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Potting Hints

This page has important hints on short cuts to make your potting easier and more efficient. Contents of this page (Click to go to the area of interest):


I. Properties of that effect performance
    A. Thermal Conductivity
    B. Coefficient of Thermal Expansion:
Shrinkage - Temperature at Gel - Operating Temperatures - Flexibility of the potting compound - Glass Transition Temperature
II. Special Parts
    A. PC boards
    B. Stress Sensitive Parts
    C. Radio Frequency Parts

III. Shortcuts
    A. Potting Shells
    B. Removal of Potting
    C. Underwriters Laboratories
IV. Esthetics
    A. Surface Appearance
    B. Color

I. Properties of that effect performance

A. The Reality of Thermal Conductivity Of Potting Compounds

Printed circuit boards that have components that generate high amounts of heat present problems when they are potted.   The design engineer wants the potting compound to dissipate the heat so they specify thermally conductive potting compounds.  This would seem like a logical idea, but thermally conductive potting compounds have problems and much higher cost for very little increase in heat removal.  The discussion that follows gives some insight in to the situation.

Thermally conductive potting compounds generally have Thermal Conductivity of 10 Btu-in/oF- ft. Normal potting materials are 2 Btu-in/oF- ft when filled with calcium carbonate and 1 Btu-in/oF- ft when unfilled. Comparing that to air at 0.01 Btu-in/oF- ft, it seems pretty good but when compared to aluminum at 1200 Btu-in/oF- ft, potting materials are very low.  This is why we suggest heat sinks as the primary means to remove the heat even though the difference between thermally conductive and normal potting compounds is 5 times the difference between two small numbers is small when compared to the very high number of aluminums heat transmission.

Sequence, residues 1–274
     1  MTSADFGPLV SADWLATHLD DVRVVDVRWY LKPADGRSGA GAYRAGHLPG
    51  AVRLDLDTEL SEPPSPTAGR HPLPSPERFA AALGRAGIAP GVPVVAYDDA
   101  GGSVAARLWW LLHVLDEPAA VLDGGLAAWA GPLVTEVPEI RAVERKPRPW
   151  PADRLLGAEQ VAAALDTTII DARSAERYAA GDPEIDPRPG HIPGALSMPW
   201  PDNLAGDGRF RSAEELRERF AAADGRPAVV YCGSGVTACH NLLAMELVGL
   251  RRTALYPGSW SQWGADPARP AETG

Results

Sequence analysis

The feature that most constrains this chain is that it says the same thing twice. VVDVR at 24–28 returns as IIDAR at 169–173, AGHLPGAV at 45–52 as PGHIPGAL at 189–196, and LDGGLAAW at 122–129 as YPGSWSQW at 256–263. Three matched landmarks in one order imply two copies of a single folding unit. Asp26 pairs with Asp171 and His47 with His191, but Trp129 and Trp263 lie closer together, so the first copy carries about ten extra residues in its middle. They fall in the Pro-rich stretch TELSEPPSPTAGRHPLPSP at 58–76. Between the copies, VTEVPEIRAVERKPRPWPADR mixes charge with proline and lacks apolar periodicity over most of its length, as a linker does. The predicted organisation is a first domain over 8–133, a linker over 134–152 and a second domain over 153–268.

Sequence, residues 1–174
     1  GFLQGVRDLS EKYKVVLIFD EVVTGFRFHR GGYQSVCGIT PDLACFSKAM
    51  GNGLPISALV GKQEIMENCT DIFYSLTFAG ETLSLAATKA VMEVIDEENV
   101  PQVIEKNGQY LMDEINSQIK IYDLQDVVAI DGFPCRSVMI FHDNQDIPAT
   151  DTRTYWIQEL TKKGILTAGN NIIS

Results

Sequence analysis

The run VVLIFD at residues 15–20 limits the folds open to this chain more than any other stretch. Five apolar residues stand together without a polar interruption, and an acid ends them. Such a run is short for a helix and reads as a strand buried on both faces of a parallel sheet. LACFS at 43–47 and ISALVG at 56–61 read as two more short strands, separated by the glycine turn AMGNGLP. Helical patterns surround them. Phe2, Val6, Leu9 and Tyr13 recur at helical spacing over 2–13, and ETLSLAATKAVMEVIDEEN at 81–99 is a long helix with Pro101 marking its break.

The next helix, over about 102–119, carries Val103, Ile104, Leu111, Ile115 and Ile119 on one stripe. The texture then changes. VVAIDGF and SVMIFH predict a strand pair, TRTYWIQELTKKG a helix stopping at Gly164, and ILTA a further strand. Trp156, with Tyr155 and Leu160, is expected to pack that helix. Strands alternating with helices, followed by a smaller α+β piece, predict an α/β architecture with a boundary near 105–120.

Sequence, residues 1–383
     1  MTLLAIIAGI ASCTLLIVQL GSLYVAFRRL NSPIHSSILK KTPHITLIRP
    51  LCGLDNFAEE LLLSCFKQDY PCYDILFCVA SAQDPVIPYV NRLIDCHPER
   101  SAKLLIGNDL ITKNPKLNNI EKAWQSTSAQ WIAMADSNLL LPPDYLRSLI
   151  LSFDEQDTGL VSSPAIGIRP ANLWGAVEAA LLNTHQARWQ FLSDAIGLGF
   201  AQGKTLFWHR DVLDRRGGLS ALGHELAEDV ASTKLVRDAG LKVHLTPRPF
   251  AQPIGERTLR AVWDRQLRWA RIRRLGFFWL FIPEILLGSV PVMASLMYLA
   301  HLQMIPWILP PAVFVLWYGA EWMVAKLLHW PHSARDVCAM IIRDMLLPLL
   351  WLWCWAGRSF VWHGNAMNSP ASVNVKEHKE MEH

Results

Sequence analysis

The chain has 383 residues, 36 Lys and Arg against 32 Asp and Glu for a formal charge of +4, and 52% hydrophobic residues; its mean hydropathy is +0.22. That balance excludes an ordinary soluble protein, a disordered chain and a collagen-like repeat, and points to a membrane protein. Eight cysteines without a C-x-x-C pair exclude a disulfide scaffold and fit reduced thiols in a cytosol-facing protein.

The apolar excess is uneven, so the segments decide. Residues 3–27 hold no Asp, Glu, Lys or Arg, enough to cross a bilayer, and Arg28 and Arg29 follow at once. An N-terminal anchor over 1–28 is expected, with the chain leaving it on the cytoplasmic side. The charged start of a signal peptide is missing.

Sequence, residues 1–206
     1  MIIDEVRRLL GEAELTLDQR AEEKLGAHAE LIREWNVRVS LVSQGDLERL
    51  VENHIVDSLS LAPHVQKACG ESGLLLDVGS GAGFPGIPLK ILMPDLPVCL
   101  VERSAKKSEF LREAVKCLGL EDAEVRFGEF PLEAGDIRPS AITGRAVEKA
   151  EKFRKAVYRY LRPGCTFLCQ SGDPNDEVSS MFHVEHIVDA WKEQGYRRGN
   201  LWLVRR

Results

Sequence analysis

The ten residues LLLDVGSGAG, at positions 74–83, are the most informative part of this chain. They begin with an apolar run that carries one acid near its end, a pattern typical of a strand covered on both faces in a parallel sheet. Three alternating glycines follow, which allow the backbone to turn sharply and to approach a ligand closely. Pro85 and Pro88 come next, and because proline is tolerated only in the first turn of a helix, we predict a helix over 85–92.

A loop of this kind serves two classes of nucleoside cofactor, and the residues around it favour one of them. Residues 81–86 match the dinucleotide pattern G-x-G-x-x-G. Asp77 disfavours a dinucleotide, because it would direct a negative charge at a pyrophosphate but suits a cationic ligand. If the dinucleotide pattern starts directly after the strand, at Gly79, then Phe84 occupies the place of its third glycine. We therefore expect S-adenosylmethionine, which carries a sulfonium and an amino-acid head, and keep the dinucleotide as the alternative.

In a real life situation, a customer cast a hockey puck of one of a normal potting compound that was filled with calcium carbonate and a thermally conductive product.  They placed them on a hot plate at 150o C with a hockey puck of Aluminum of the same dimensions, let them come to equilibrium and measured the temperature on the top of the three pucks. As expected, the top of Aluminum puck was 148C since the transfer of heat is high. The normal potting compound was only 110C but the potting compound that was five times more thermally conductive was only 113C. Thermally speaking, the potting material acts like a heat insulator.  It is better than air so it does help, but then use the less expensive normal potting compounds.  The cost difference between the two systems was 20%.  The other factor not discussed was that the filler used in this high thermally conductive potting compound is very abrasive and will wear out MMD equipment very fast.